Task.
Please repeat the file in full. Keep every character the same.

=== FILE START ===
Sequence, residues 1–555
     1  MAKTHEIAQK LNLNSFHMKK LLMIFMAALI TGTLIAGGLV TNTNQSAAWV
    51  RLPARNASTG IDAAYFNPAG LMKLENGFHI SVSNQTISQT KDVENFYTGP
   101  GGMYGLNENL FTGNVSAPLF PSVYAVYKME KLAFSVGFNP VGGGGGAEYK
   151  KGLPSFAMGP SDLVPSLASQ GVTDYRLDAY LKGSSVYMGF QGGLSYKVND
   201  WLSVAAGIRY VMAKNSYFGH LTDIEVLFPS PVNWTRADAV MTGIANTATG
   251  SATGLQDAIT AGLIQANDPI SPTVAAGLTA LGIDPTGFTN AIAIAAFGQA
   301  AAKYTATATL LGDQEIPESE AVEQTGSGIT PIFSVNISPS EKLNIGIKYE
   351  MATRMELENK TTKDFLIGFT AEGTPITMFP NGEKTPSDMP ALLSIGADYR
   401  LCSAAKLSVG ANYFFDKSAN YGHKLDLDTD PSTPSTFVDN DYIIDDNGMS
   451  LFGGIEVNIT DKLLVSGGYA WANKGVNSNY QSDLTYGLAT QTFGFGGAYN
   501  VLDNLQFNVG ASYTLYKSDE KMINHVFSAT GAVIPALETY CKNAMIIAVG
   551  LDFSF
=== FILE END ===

Sequence, residues 1–555
     1  MAKTHEIAQK LNLNSFHMKK LLMIFMAALI TGTLIAGGLV TNTNQSAAWV
    51  RLPARNASTG IDAAYFNPAG LMKLENGFHI SVSNQTISQT KDVENFYTGP
   101  GGMYGLNENL FTGNVSAPLF PSVYAVYKME KLAFSVGFNP VGGGGGAEYK
   151  KGLPSFAMGP SDLVPSLASQ GVTDYRLDAY LKGSSVYMGF QGGLSYKVND
   201  WLSVAAGIRY VMAKNSYFGH LTDIEVLFPS PVNWTRADAV MTGIANTATG
   251  SATGLQDAIT AGLIQANDPI SPTVAAGLTA LGIDPTGFTN AIAIAAFGQA
   301  AAKYTATATL LGDQEIPESE AVEQTGSGIT PIFSVNISPS EKLNIGIKYE
   351  MATRMELENK TTKDFLIGFT AEGTPITMFP NGEKTPSDMP ALLSIGADYR
   401  LCSAAKLSVG ANYFFDKSAN YGHKLDLDTD PSTPSTFVDN DYIIDDNGMS
   451  LFGGIEVNIT DKLLVSGGYA WANKGVNSNY QSDLTYGLAT QTFGFGGAYN
   501  VLDNLQFNVG ASYTLYKSDE KMINHVFSAT GAVIPALETY CKNAMIIAVG
   551  LDFSF